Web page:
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Persian Priest Attracts Society Women to the Cult of Bahá’ísm

Persian Priest Attracts Society Women to the Cult of Bahaism
The Washington Post
April 26, 1912
Washington, DC

Followers Kiss Flowing Robes of ‘Abdu’l-Bahá at His Address to Leaders of Washington Smart Circles, in the home of Mrs. Arthur J. Parsons — Mrs. Nicholas Longworth Among the Listeners — Says Religions Must Conform to Science.

Fashionable Washington is showing great interest in the Bahá’í movement since the advent of ‘Abdu’l-Bahá, the aged leader of the “universal religion, who is holding daily receptions and meetings. Already he has addressed several thousand women and men. He has been reverently received, and according to people prominent in the movement, many converts have been gained since he arrived.

Garbed in flowing white robes, which contrasted strangely with the fashionable garb of his hearers, ‘Abdu’l-Bahá talked to a large audience yesterday afternoon at the home of Mrs. Arthur Jesse Parsons, Eighteenth and R streets northwest, where he is stopping. As he spoke his hearers listened with rapt attention.

Whenever ‘Abdu’l-Bahá appears some of his followers flock to his side, seeking a chance to grasp his hand, or even to kiss his robe. To them he is inspired from Heaven. Several of the most prominent society women in the city were present yesterday.

Before beginning to talk yesterday afternoon he personally raised the shades to let in more light. As he talked he walked about the front of the large room, sometimes turning his back on the audience. Several times he evidently became warm, for he pushed his turban back on his head, and wiped his brow.

Outlines Purposes of Bahá’ísm.

Abdu’l-Bahá is of medium height, and wears his snowy white hair long so that it falls over his collar. His features are finely cut, and as he talks he peers into the faces of his listeners to see if they comprehend his words. He chuckles to himself frequently, when he makes a good point. His brow is high, and he has every appearance of a deep thinker. He speaks no English, and his words are translated for his hearers by an interpreter.

What Bahá’ísm stands for was the subject he chose by request yesterday. It meant, he said, the unification of all religions. The principal point he made was that all religions which do not conform to science, and which are not reasonable, rest on superstition. He urged his listeners to cast aside everything that is not true. He declared that Jesus Christ would not have been persecuted as He was had the people of His time seen the truth clearly.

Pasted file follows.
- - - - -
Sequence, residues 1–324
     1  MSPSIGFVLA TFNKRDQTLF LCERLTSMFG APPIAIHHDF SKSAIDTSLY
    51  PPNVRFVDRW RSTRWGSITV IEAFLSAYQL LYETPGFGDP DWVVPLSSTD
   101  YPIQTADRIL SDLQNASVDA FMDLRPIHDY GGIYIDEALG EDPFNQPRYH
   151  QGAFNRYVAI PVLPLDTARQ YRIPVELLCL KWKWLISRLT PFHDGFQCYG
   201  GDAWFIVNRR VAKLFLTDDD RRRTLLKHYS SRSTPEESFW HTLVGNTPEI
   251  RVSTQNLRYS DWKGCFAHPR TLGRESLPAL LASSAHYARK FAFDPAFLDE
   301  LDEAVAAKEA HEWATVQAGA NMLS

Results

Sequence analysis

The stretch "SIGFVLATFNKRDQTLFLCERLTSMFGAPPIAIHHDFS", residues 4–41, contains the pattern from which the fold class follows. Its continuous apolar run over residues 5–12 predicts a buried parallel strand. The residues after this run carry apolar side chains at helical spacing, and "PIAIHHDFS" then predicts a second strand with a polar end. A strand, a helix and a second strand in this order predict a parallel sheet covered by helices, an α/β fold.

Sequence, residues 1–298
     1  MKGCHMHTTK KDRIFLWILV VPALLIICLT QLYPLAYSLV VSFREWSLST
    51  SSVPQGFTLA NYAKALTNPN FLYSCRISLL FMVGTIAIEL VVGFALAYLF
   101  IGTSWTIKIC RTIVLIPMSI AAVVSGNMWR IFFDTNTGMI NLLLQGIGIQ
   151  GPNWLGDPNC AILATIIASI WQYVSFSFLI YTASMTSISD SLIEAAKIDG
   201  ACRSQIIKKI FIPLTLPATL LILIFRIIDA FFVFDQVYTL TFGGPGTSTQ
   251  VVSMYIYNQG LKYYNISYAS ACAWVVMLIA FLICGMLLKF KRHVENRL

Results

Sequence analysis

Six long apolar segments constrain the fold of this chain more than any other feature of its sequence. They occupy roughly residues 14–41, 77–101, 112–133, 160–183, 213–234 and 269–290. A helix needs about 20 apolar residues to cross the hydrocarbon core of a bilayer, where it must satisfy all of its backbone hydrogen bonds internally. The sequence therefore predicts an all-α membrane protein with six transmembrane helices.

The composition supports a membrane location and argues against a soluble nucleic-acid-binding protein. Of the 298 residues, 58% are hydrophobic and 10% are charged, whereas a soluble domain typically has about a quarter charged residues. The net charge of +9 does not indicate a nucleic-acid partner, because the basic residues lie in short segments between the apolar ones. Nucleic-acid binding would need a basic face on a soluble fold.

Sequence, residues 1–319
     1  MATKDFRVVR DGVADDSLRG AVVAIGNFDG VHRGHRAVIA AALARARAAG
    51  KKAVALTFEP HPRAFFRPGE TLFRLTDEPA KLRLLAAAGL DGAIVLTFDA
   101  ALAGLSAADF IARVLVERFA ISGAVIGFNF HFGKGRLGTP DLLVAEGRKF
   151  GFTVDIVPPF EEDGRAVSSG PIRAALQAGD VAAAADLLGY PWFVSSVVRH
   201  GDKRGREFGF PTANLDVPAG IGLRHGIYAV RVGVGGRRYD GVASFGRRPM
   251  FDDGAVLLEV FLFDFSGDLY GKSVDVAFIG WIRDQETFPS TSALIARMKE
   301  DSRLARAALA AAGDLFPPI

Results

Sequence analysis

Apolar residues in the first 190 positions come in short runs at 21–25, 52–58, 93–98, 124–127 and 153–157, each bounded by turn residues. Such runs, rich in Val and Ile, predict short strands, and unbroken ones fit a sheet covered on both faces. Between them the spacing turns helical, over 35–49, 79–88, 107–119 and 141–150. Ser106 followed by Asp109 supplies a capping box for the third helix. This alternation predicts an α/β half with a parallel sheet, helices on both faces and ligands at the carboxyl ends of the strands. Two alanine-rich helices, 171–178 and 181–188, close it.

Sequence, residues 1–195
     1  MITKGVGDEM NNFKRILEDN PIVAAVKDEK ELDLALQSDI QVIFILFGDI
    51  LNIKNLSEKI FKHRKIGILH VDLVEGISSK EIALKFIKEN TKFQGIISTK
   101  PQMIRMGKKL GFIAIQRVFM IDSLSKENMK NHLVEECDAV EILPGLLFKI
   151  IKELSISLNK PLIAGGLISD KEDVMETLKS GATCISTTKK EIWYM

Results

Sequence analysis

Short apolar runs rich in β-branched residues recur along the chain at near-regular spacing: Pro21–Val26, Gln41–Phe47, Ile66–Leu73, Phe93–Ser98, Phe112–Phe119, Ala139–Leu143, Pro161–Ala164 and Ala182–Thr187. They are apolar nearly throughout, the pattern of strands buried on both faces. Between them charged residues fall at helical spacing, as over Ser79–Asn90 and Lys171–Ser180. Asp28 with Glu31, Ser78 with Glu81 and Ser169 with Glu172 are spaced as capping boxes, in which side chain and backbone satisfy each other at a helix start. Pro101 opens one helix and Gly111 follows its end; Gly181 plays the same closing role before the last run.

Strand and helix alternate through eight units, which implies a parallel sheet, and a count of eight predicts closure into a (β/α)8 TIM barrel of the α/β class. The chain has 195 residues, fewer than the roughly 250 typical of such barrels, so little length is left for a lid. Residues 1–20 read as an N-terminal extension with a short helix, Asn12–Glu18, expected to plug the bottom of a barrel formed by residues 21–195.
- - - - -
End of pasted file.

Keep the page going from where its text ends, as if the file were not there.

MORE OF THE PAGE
The intellect is great and has no bounds,” he said. “The senses of touch, smell, sight, hearing, and taste have their limits, but with the intellect men go far beyond the things their senses inform them of. With the intellect men can tell what is true, and what is good, and, therefore, it is on the intellect that they should depend.”

Abdu’l-Bahá’s manner was that of a teacher, and he spoke of commonplace things as though instructing a class of children.

Mrs. Longworth a Visitor.

All yesterday afternoon women in automobiles and carriages arrived for private conservations with the aged leader. A few poorer people came, but most of the visitors were wealthy. He expected to take an afternoon drive, but so many were the callers that he had to postpone the trip.

Mrs. Nicholas Longworth occupied a seat far back in the audience with two other women, and seemed greatly interested in the afternoon’s entertainment. She contented herself with watching ‘Abdu’l-Bahá from a distance and listening to what he said.

The last of the afternoon meetings will be held at 4:45 o’clock today. Tonight at 8 o’clock a large public meeting will be held at the Memorial Continental Hall, when ‘Abdu’l-Bahá, Samuel Gompers, president of the American Federation of Labor, and several others will speak. Saturday evening there will be a reception, and Sunday morning ‘Abdu’l-Bahá leaves for Chicago.

[picture caption: BAHAIST LEADER TALKS.

Photo by Harris-Ewing


High priest of sect, who is visiting in the Capital.]